With SaaS, you’re pretty much set when it comes to security and upgrades. Upgrades are always incremental to ensure that downtime is kept to a minimum.

Back-ups might be included in the deal but that will depend on the vendor – make sure to check what gets backed up and how often.

  • Personnel Cost

Personnel cost is a big part of the reason why more and more companies are deciding to go with a SaaS solution for their business needs. With it, all maintenance, setup, and upgrade costs are transferred to the vendor.

However, when you’re using on-premise software solutions you need to have a dedicated IT team that is going to deal with everything from initial setup to system maintenance and crisis management. Sometimes those people will work overtime to make sure that systems are back up and running as soon as possible – yet another cost for you to absorb.

With SaaS, you’ll probably have one person that’s going to be responsible for data back-up, along with basic troubleshooting and their other duties. And that’s it.

Cloud Security and Privacy

We mentioned it briefly but since it’s a major concern for businesses it merits an in-depth analysis. The answer to the question of whether or not cloud computing –and by extension, SaaS services – is secure would be: it depends but it’s not riskier than any on-site solution!

It depends on a myriad of things, from the vendor you’re using to how responsibly you’re handing it on your end. Cloud is vulnerable to attacks and different service providers have been attacked in the past – a large service provider, Zendesk, was not spared either.

When it comes to data hacking, vendors are doing all in their power to prevent attacks and cloud security architecture implements measures that broadly fall into one of the following categories:

  • Deterrent measures – an equivalent of a fence; a warning that signals to trespassers that they will be harshly dealt with.
  • Preventive measures – a set of controls that severely reduces the likelihood of an attack, although doesn’t entirely eliminate it.
  • Detective measures – systems controls that detect intrusion and trigger preventive and corrective measures.
  • Corrective measures – a set of controls that is triggered after a breach is detected. They limit the damage and keep track of incidents.

Even though incidents are not unheard of, most experts agree that even a public cloud might be more secure than a business’ internal data center – it all depends on how committed you are to protecting your data.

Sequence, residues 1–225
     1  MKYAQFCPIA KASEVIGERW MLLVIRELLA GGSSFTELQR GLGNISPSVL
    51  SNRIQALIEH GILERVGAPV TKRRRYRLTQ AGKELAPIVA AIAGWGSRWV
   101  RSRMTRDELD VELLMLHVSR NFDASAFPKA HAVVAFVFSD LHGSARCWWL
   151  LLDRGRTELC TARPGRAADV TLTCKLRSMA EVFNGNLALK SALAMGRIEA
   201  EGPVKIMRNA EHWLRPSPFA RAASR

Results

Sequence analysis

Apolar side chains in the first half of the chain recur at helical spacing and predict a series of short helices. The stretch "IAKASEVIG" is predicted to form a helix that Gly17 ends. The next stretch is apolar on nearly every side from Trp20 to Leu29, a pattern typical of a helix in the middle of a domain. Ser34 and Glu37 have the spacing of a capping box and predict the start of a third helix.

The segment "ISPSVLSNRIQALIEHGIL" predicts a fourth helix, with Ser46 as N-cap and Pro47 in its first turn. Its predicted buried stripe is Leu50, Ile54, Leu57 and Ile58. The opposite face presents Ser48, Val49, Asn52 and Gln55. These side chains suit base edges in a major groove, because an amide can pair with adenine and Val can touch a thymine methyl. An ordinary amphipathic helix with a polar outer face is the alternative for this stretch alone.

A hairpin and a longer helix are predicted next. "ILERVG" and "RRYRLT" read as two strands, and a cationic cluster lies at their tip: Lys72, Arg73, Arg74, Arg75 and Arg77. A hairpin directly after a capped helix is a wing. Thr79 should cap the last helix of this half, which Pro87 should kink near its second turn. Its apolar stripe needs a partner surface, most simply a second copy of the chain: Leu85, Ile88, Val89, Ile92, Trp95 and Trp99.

More than 500 ‘Global 1000’ companies use cloud-based services today. They’ve realized that gains by far outweigh the risks.

There are things you as a company can – and should – do to ensure your data is protected. Before you even get started you want to make sure that you own your data. At Xpenditure, we manage your systems but your data is your own – we don’t access it nor do we have a reason to do that. Most cloud-based SaaS vendors understand that this is a primary concern of many businesses and will extend the same courtesy of making sure that you remain the sole owner of your data. Still, you will want to check that.

Other things you can do are:

  1. Make sure you’re using a trusted vendor – quality service providers won’t have a problem with sharing an extensive user list that you can use to double-check whether or not the service is reliable and trustworthy.
  1. Ensuring that your vendor holds relevant certifications – this is necessary to confirm that they follow industry’s best practices. Good vendors will hold at least several certificates from pertinent third-party sources.
  1. Don’t keep everything on a cloud – it doesn’t belong there. If it’s not needed for use by third-party applications, store it internally. Proprietary information should be kept especially safe.
  1. Use security software – just because the vendor is providing certain security measures doesn’t mean that you can be lax when it comes to them. Make sure all the devices are running antivirus software and that your employees know how to protect their access.
  1. Audit your security measures regularly – the vendor will provide you with a regular update of the security measures as well as with any audit information they have. Still, you want to hire a reliable third-party to check things from your end.
Boris Bogaert

Posted by Boris Bogaert

CEO & Co-founder of Xpenditure.